Cairo’s 37th film festival: New management, gritty films and memorials for lost icons
 
 
Courtesy: CIFF
 

New management has been brought in for the 37th Cairo International Film Festival, scheduled to run from November 11 to 20 at five venues in the Cairo Opera House grounds.

Magda Wassef, founder and former head of the Luxor Film Festival for Egyptian and European Film, is the festival’s first ever female president, and its new artistic director is film critic Youssef Cherif Rizkallah.

The new duo’s core programing looks interesting and unusually gritty, and they are duly combining this with events commemorating the many cinematic icons Egypt has lost this year.

A marketing campaign on CIFF’s Facebook page asks the public to post videos of themselves playing charades in support of the festival. Producer Mohamed Hefzy, actors Karim Fahmy and Ahmed Hatem, and the band Uss wa Lazq have participated with widely-viewed videos.

Both the 2011 and 2013 editions of CIFF were cancelled for security reasons, and the 2012 edition was barely attended — its closing ceremony was cancelled due to clashes between protesters and security forces a few meters away at Tahrir Square.

The 2014 edition saw a much-needed revamp, as a young and ambitious team, led by renowned film critic Samir Farid, attempted to bring the festival back to its former glory. There were some organizational hiccups, but it did create an undeniable buzz with good attendance and high-quality programming of the sort we don’t often have access to.

The 37th CIFF more or less maintains the framework introduced last year. Alongside the recurring International Competition and the Festival of Festivals (films that have been screened at various big festivals), there’s a spotlight on Japanese animation and a series of restored classics, including Moroccan filmmaker Ahmed al-Maanouni’s Alyam, Alyam (Oh, the Days!, 1978), about a young man from the countryside trying to immigrate to Europe, and Shady Abdel Salam’s The Mummy (1970).

In there competition there are two Egyptian films. Sameh Abdel Aziz, a prolific maker of controversial movies (like 2014’s Halawet Rouh and 2009’s Al-Farah) is offering the promisingly titled Al-Leila al-Kibira (Grand Night), and Kareem Sobky shows his second feature, Men Dahr Ragel (Born to a Man). Sobky, of the family behind Sobky Productions, produced last year’s very mediocre Third World War, and his directorial debut was the melodramatic, GTA-inspired Qalb al-Assad (Lionheart, 2013).

Joining them are films from around the world, many of which have been warmly received elsewhere and almost all of which deal with current, urgent global issues and/or difficult historical baggage.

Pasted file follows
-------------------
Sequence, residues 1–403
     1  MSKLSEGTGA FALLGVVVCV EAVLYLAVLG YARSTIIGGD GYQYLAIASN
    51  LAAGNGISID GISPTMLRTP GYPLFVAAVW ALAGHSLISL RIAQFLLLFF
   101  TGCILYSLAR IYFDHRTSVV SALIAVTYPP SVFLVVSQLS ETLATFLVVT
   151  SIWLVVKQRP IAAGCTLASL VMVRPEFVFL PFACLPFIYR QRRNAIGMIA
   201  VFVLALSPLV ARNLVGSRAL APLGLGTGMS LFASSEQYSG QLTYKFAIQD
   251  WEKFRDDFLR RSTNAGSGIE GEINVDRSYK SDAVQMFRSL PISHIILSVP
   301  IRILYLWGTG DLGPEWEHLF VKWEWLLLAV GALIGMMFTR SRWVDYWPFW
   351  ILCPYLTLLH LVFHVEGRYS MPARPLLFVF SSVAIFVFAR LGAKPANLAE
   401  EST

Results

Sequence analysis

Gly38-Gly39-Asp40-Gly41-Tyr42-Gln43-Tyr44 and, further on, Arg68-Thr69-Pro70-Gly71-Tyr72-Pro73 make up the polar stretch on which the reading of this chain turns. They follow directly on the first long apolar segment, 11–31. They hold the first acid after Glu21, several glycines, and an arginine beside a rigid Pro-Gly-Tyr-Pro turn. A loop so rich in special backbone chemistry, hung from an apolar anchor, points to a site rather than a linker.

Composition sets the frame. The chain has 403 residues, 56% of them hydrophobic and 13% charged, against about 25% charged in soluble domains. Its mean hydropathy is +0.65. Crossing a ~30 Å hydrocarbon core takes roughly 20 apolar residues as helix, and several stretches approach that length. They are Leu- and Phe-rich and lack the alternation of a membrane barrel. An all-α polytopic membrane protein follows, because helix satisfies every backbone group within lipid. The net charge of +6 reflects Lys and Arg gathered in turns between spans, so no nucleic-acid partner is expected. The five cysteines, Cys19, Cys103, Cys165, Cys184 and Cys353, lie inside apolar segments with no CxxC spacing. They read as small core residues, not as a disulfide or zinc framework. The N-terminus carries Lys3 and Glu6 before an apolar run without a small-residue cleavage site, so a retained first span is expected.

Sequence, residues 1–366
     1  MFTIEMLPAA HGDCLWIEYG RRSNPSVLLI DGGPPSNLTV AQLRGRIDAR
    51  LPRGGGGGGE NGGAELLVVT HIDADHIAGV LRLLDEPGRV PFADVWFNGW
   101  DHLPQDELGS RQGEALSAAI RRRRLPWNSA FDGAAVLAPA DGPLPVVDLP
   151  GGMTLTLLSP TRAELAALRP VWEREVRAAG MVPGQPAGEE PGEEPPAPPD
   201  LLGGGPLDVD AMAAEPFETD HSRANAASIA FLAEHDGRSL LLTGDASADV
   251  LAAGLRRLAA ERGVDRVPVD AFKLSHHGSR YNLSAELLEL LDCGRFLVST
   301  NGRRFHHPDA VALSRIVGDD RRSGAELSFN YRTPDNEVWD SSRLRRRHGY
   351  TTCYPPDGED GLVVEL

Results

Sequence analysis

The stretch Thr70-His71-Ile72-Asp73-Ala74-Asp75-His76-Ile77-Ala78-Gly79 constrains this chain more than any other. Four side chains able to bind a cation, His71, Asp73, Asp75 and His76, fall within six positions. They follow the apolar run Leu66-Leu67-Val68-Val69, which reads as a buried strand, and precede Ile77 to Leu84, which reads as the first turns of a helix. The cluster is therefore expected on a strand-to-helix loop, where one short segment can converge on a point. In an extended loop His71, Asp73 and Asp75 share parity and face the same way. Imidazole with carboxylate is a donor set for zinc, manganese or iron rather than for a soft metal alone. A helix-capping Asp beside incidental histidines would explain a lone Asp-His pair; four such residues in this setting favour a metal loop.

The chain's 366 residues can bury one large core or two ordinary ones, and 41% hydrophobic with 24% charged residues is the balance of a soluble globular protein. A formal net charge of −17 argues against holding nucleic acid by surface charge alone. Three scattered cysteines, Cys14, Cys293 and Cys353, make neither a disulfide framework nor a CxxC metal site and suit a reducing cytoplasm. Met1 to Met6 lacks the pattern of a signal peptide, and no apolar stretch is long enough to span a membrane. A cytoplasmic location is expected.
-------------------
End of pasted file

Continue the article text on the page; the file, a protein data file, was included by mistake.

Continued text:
They include Jonas Carpignano’s Mediterranea, which reflects on the 2010 Rosarno race riots. It follows a man from Burkina Faso who smuggles himself into Italy, where life does not go smoothly.

Yosef Baraki’s Mina Walking is about a 12-year-old Afghan female street vendor and was apparently shot hurriedly on location in Kabul.

Elmo Nüganen’s Estonian-German 1944 chronicles World War II’s Battle of Tannenberg, Lili Horvath’s The Wednesday Child is about an orphaned teenaged mother in Budapest, and South Korean director Shin Su-won’s Madonna is about a nurse’s aide trying to secure an organ donation.

Ones Tanovic’s Bosnian film Everyday Life is about a postwar family and a generation who lost their youth in the war, while Croatian director Dalibor Matanic’s The High Sun tells three consecutive love stories in neighboring Balkan villages with a history of inter-ethnic hatred.

And Corneliu Porumboiu’s The Treasure looks like a quick-paced comedy about a search for buried treasure, set as Romania comes to terms with its recent history.

The program also retains parallel events introduced last edition, including Cinema of Tomorrow, showing students films, and Critics’ Week. Perhaps best of all, there’s a repeat of the very successful Horizons of Arab Cinema program, which features some of the region’s latest films. This year it includes Fi Youm (In a Day) by Egypt’s own Karim Shaban, what looks to be a meditative film about six characters.

The Festival of Festivals section includes Gabriel Ripstein’s 600 Millas, a Mexican thriller about gun running that stars Tim Roth, which won Best First Feature at the Berlinale this year. Andrey Zaytsev’s 14+ was also well-received there.

The Cairo Film Connection, ran by Hefzy and director Maggie Morgan, offers a space for filmmakers with films still in production to meet and network with entities that could serve as potential partners for their films. Several cash prizes are on offer to help complete these projects.

This festival is dedicated to Faten Hamama, who passed away this year, hence her image on the poster. A new prize, initiated by Hamama’s family, recognizing local and international actors’ talent has been designed by sculptor Adam Henein. The honorary award will be given to the prolific, well-connected actor and former CIFF president Hussein Fahmy, as well as Italian actress Claudia Cardinale, while excellence awards will go to Egyptian actress Nelly Karim and Indian director Farah Khan.

A tributes program screens films starring Hamama, Omar El-Sherif and Nour El-Sherif, and books are being printed documenting their contributions to Egyptian cinema.

The festival’s opening film is Jonathan Demme’s rock-and-roll Ricki and The Flash, written by Diablo Cody and starring Meryl Streep, whose performance has been widely praised.

Wassef announced during the press conference that tickets will be available to book online through e7gezli, which may help with logistics. Payments can be made by credit card or through Fawry outlets at various locations.

The schedule is yet to be announced.

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